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The Effects of COVID-19 on Residential Mortgages | Burr & Forman

By on March 23, 2021 0

Amid a myriad of economic disruptions caused by the COVID-19 pandemic, mortgage lenders and service workers are struggling to adapt to new moratoria and regulations affecting residential mortgages.

First, pursuant to an order of March 18, 2020 from the Federal Housing Finance Agency and the Coronavirus Assistance, Relief and Economic Security Act (“CARES Act”) promulgated by President Trump, it administrators of federally guaranteed mortgages are prohibited from initiating judicial or non-judicial foreclosure proceedings, seeking entry of a foreclosure judgment or order directing the completion of a foreclosure sale, or enforcing an eviction or a foreclosure sale related to foreclosure. This moratorium affects approximately 28 million federally guaranteed mortgages, which are residential mortgages purchased or securitized by Fannie Mae or Freddie Mac, guaranteed or insured by the Federal Housing Authority or the Veterans Administration, or made by the Department of Agriculture. Currently, the moratorium expires on May 17, 2020.

The CARES Act also allows homeowners to apply for forbearance on federally guaranteed mortgages for up to 180 days. To obtain such forbearance, borrowers must, regardless of their delinquency state, submit a request to the loan manager, which may be oral, written or otherwise. The borrower must certify that he is experiencing financial hardship caused by the COVID-19 pandemic, but is not required to provide additional documents on the hardship. Upon receipt of the borrower’s request and attestation, the serving agent must provide a forbearance of up to 180 days, which can only be shortened at the borrower’s request. An extension of the forbearance for an additional 180 days must also be granted if the borrower requests it. Although the CARES Act stipulates that such abstentions must be granted during the “covered period”, it does not define the term “covered period”. Presumably, the term “period covered” refers to the time until the end of the national emergency declared by the federal government.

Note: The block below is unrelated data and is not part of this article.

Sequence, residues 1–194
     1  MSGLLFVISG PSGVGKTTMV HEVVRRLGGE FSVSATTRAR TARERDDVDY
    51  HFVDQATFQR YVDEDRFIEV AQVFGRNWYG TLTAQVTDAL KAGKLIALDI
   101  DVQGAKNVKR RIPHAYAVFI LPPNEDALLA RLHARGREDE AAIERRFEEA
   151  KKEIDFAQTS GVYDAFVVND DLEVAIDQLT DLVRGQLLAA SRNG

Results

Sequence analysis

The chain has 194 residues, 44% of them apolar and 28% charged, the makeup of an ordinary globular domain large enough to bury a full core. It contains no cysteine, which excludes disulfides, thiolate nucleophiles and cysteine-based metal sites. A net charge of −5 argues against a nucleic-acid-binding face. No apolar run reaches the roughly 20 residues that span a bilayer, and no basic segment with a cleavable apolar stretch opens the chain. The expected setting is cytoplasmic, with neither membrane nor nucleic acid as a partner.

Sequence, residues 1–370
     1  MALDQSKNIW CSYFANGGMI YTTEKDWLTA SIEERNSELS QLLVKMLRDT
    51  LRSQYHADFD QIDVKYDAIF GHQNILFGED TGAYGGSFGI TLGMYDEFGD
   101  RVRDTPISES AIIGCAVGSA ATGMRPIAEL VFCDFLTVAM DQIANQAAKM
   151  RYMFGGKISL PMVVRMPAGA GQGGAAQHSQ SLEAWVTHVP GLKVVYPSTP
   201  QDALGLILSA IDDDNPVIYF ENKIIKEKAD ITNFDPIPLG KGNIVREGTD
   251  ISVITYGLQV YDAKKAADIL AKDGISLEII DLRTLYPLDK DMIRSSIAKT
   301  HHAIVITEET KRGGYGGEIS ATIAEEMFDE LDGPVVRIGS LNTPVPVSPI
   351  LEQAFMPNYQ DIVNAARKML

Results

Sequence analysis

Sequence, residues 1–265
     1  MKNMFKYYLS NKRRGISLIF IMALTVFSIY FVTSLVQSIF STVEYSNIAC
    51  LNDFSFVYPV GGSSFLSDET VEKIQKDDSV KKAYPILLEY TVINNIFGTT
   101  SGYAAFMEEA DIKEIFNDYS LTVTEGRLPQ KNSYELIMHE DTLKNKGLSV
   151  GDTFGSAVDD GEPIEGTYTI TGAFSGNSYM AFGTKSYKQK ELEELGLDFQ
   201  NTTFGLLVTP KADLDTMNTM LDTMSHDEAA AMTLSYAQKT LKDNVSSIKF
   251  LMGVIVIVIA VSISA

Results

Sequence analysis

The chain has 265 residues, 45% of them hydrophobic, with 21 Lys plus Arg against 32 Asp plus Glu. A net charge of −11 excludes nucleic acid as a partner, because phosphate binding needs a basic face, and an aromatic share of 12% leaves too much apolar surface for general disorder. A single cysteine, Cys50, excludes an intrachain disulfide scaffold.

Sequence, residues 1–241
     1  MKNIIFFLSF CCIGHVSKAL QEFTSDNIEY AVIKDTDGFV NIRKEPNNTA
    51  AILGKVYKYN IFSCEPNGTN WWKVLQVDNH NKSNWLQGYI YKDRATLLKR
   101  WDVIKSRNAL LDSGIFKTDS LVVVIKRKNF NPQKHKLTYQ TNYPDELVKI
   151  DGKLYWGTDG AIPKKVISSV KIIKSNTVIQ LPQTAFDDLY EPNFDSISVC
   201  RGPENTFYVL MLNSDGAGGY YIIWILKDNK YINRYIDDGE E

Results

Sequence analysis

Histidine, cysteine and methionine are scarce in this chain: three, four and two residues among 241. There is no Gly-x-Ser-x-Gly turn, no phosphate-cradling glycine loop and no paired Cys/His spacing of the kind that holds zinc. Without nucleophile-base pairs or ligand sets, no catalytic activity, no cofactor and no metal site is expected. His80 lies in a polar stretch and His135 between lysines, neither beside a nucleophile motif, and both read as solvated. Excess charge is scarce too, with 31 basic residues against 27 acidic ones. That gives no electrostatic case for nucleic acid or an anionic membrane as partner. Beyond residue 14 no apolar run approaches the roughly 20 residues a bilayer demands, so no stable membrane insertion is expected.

In addition to the moratoriums and relief granted at the federal level, some states are also implementing laws affecting residential mortgages. In New York City, an executive order issued by Governor Cuomo requires any bank subject to the Department of Financial Services (“DFS”) to provide 90-day abstentions to individuals and businesses facing financial hardship caused by COVID-19. This executive order is scheduled to expire on April 20, 2020. DFS regulations implementing the executive order require institutions to apply for forbearance on any property owed on a “widely available” residential mortgage for New York residents who demonstrate hardship. financial due to the pandemic. In addition to New York, various seizure and / or deportation controls or moratoria are in place in Alabama, Alaska, California, Colorado, Delaware, District of Columbia, Kansas, Kentucky, Maine, Maryland, Massachusetts, Michigan, Minnesota, New Jersey, New York, North Carolina, Oregon, South Carolina and Washington.

Even some local governments have taken similar steps to impose a moratorium or restrictions on foreclosures and / or evictions. These cities include Atlanta, Austin, Cleveland, Detroit, Miami, Philadelphia, San Antonio, Santa Fe, and Seattle.

In light of the ever-changing landscape surrounding the COVID-19 pandemic, operators must continue to closely monitor the latest laws and regulations imposing mandatory forbearance and temporary foreclosure stays.

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